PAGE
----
This may seem like a winning strategy to some, but to others, it can look reckless. Aiming to capitalize in all market conditions is a difficult feat to achieve. If you are on top of it, leveraging your position can easily lead to a complete failure.

  • Lack of regulation

This factor is closely connected with low transparency. While mutual funds are under the watchful eye of the regulatory bodies, hedge funds have a more loose regulation structure. This can lead to risky behavior for hedge fund managers. This is further amplified by the compensation structure.

Since they are earning more with more AUM and higher gains, managers will look for ways to capitalize in every situation. This often results in making deals with higher risks than necessary.

Difference Between Hedge Funds And Other Investment Vehicles

Hedge Funds VS Mutual Funds

Mutual funds are open to all investors, with low minimum investment requirements. They are passively managed aiming to track a specific market index. Fees are also lower when dealing with mutual funds.

In contrast to limited liquidity in hedge funds, investors in mutual funds have options for daily redemption. This means that if you choose to invest with mutual funds, you can get your investment back in a day.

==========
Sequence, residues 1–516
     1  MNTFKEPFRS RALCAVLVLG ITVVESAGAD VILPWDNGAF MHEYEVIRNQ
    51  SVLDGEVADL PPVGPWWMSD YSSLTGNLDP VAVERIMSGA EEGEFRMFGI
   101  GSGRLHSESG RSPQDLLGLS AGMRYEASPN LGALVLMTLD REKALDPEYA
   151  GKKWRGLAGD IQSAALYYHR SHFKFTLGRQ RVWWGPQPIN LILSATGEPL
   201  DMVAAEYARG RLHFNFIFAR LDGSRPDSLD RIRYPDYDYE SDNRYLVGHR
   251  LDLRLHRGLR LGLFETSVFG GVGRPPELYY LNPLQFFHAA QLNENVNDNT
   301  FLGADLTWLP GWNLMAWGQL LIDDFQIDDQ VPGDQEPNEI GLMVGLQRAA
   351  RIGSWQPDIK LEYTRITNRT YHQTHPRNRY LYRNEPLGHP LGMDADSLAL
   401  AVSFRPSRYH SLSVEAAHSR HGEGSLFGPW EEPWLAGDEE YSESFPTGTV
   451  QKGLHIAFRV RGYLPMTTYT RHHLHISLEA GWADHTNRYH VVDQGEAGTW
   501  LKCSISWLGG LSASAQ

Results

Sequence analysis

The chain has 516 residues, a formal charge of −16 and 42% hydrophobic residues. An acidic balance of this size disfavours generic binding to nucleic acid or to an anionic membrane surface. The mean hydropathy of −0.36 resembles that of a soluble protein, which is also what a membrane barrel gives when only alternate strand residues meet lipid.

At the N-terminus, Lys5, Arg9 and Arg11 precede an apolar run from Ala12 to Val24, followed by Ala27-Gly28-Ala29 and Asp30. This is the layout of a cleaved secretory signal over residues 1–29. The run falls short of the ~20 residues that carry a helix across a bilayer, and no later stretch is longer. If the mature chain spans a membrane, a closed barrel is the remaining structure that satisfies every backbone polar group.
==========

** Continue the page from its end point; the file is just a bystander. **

Mutual funds are also closely monitored and regulated by the SEC. This results in higher transparency and less potential for shady operations.

Regarding returns, mutual funds offer medium to low returns. This is in contrast to the high return potential of hedge funds. On the other hand, investments are also coming with a lower risk of loss.

Hedge Funds VS Exchange-Traded Funds (ETFs)

To invest with an ETF the investor only has to have a brokerage account. Minimum investment often is in line with the price of a single share in the fund.

Like Mutual Funds, ETFs are passively managed. They tend to track a specific index or a group of securities. Unlike hedge funds, they do not aim to outperform the indexes but rather replicate their performance. Also, there are actively managed ETFs that are gaining popularity due to the diversification they offer.

Similar to mutual funds, ETFs are highly liquid and can be traded throughout the day. They are regulated in detail providing higher transparency and security to the investors.

Fees in ETFs are also much lower, usually settling at a percentage of the fund’s assets to cover operational costs.

Final Thoughts

The investing marketplace has never been so diverse like today. An investor can choose from passively managed mutual funds, and ETFs, actively managed hedge funds, to new investment technologies like Robo-traders.

Hedge funds offer a unique blend of diversity with different levels of risk and investment strategies. Finding something that suits you demands a thorough search. When choosing an investment vehicle keep in mind the track record and reputation that come with the strategy that suits your needs and goals.